Subscribe Now Subscribe Today
Research Article

Eucalyptus Globulus (E. globulus) Leaf Spot and Stem Canker Diseases Due to Phoma spp. In North and North West Ethiopia

Wendu Admasu Darge and Anteneh Tamirat Bogale
Facebook Twitter Digg Reddit Linkedin StumbleUpon E-mail

Background and Objective: Eucalyptus globulus species are exotic plantations in Ethiopia covering one-third of the total plantation area of the country mainly for construction and resources. Inspite of this importance the success of growth and development of E. globulus plantations is currently influenced by fungal pathogens causing leaf spot and stem canker diseases. The main objective of this study was to investigate the diversity and distribution of fungal species associated with plantations causing leaf spot and stem canker diseases, so that management options to be studied for effective control and prevention of the diseases. Methodology: Twelve plantation sites were purposivly sampled and surveyed in Amhara and Tigray regions of Ethiopia from May-June, 2016 for disease symptoms. Samples with clear diseases symptoms were collected cut to desired size, surface sterilized and cultured on the potato dextrose agar media for morphological study. Twenty pure cultures of fungi colonies were isolated and morphologically characterized to genus and species level for identification. The collected data were summarized, ranked and expressed using simple descriptive statistics of SPSS version 16.0 and SAS Version 9.0 procedures. Results: Based on the results, among the isolates 60% (12 out of 20) isolates were with long chains or solitary, unicellular or multicellular, alternarioid chlamydospores while the rest of isolates were with milky conidia, two oil droplets inside, oozing in characteristic shape from dark pyinida and without chlamydospores. The morphological characteristics of the isolates were found to be genus Phoma and the species were consistent with Phoma glomerata and Phoma lingam, respectively. The mean colony diameters of the isolates were range from 7-8 cm and 7.3-8 cm for Phoma lingam and Phoma glomerata, respectively. There is no significance difference in mean colony diameter among the isolates. Conclusion: The result of this study demonstrated that Phoma glomerata and Phoma lingam were the cause for leaf spot and stem canker diseases of E. globulus tree plantations in high lands of Ethiopia, which is important in the study of management options for control and prevention of the diseases in the country.

Related Articles in ASCI
Similar Articles in this Journal
Search in Google Scholar
View Citation
Report Citation

  How to cite this article:

Wendu Admasu Darge and Anteneh Tamirat Bogale, 2017. Eucalyptus Globulus (E. globulus) Leaf Spot and Stem Canker Diseases Due to Phoma spp. In North and North West Ethiopia. International Journal of Plant Pathology, 8: 14-22.

DOI: 10.3923/ijpp.2017.14.22

Received: March 22, 2017; Accepted: June 24, 2017; Published: October 05, 2017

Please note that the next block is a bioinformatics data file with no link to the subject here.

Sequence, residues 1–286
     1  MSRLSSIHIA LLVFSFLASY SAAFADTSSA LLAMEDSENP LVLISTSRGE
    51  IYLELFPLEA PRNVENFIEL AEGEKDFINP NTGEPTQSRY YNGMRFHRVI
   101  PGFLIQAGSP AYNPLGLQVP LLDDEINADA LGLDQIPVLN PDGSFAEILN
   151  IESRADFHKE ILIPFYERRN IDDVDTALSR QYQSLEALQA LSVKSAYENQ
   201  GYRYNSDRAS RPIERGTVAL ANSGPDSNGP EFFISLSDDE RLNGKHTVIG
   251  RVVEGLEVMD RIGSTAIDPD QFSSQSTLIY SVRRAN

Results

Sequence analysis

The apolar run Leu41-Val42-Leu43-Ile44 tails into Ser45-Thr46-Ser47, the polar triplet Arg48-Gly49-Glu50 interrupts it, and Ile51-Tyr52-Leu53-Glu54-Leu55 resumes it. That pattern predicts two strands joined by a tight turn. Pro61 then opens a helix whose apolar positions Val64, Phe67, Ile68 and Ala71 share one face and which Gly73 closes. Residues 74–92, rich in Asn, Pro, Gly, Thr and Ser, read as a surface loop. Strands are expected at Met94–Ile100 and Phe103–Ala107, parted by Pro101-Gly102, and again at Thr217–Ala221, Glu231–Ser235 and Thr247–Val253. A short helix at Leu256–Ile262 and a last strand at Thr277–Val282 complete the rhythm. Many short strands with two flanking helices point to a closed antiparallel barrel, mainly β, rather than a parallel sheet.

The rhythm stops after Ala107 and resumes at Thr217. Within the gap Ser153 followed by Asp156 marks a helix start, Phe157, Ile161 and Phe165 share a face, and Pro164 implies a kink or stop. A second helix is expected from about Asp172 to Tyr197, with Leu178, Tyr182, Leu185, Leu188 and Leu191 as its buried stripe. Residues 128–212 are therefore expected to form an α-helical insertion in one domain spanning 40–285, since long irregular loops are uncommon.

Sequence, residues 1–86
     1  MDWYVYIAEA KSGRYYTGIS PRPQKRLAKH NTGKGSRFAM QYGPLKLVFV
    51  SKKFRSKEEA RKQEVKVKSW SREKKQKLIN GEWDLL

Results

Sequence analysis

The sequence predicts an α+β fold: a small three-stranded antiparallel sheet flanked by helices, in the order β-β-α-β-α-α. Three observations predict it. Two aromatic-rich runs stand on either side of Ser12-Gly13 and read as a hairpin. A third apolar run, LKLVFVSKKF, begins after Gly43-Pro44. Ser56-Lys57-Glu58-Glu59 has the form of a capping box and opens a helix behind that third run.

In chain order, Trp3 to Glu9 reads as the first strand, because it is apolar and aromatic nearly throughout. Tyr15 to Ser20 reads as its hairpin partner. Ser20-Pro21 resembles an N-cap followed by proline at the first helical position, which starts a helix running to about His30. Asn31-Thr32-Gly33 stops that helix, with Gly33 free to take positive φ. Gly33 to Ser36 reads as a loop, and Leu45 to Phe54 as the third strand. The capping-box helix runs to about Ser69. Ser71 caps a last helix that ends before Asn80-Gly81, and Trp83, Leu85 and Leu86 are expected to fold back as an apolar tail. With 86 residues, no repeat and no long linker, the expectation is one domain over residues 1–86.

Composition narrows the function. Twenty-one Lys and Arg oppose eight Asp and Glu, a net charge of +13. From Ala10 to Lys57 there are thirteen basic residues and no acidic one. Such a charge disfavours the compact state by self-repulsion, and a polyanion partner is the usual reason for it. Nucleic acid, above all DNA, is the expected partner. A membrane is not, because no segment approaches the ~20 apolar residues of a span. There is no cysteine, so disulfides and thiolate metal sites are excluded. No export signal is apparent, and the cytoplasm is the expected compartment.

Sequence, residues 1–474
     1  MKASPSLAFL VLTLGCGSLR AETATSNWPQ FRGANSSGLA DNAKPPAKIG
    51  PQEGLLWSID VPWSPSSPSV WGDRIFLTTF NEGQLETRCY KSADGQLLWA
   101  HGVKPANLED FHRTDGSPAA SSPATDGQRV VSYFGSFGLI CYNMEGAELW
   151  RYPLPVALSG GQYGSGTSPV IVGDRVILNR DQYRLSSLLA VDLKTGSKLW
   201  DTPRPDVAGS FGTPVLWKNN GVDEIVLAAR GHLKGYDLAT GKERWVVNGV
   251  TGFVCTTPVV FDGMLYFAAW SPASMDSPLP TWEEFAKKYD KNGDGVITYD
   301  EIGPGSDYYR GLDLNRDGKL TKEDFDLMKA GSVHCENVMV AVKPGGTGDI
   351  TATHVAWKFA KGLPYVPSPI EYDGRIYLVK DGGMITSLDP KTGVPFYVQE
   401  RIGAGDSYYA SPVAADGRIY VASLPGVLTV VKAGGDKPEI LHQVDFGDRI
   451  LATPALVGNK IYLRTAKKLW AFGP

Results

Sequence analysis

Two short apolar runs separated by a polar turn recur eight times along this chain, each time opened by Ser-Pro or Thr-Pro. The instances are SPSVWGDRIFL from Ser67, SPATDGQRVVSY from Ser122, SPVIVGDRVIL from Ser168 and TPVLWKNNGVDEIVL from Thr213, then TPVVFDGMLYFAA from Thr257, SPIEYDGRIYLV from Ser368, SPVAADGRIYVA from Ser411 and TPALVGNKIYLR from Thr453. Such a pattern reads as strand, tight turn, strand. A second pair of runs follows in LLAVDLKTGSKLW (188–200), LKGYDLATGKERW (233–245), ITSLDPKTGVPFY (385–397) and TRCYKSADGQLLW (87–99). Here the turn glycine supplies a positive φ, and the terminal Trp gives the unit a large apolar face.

Eucalypts of the Family Myrtaceae (subfamily Myrtoideae) is among the dominant genuses of flowering plants in the world, consisting about 800 species1. Planting of Eucalypts in Ethiopia has historically dating back to the late 1800s2,3. Eucalyptus globulus species are among exotic plantation in Ethiopia covering about one-third of the total plantation area of the country mainly for the benefit of construction, fuel, poles and an important resource for subsistence farmers4. Introduction of eucalypts plantations to the country was mainly due to deforestation of native forests for farm lands and construction materials5. It has been shown by Mengist6 that introduction and distribution of fast growing exotic tree species such as Eucalyptus globules in the country was to minimize the problem of wood biomass crisis and construction materials. As already pointed out by Alemu7, Eucalyptus plantations has become an alternative income source and employment opportunity in the cash crop devoid high land areas of Ethiopia. Among Eucalyptus species, Eucalyptus globules were found the most effective in terms of survival and growth8.

According to Bekelle9 and other researchers out of the total area of small areas of plantation, about 35% are dominated by E. globulus for variety of products including, leaves and small branches for fuel, poles and posts for house building and sources of income in Amhara region of Ethiopia.

Inspite of this importance the success of E. globulus plantations is currently influenced by several factors in Ethiopia. Among the factors that challenge growth and development of these tree species are fungal pathogens mainly from Ascomycota. Approximately about 700 species of fungi are associated with Eucalyptus leaves and stems10. Cylindrocladium spp. Mycosphaerella spp., Phaeoseptoria eucalypti spp., Pestalotiopsis spp. and Pseudocercospora eucalyptorum spps are among important fungi that cause diseases to Eucalyptus spp.4,11.

Fungi of the genus Phoma are at present cosmopolitan in respect of geography consisting of a large number of species in varied ecological niches. From among 3000 taxa described so far, 110 are pathogenic species often infecting plant that are important from the economic point of view10. Phoma sp. are frequently found in association with symptoms of blight, leaf spots; fruit rot and stem canker throughout the world12. The disease is most prevalent in temporary periods of cool and wet weather associated with light and frequent rains13.